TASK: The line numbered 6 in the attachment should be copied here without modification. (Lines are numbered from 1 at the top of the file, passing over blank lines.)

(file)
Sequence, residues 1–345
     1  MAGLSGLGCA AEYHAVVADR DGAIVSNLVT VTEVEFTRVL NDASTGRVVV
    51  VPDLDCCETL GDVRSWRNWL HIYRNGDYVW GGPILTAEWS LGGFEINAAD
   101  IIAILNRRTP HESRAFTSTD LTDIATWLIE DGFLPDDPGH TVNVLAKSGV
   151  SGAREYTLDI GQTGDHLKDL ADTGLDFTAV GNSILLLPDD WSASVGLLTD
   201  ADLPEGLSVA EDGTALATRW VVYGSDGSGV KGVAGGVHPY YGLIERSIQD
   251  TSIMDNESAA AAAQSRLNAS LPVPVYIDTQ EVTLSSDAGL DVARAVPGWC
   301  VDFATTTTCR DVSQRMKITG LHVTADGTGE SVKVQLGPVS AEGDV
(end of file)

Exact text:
   201  ADLPEGLSVA EDGTALATRW VVYGSDGSGV KGVAGGVHPY YGLIERSIQD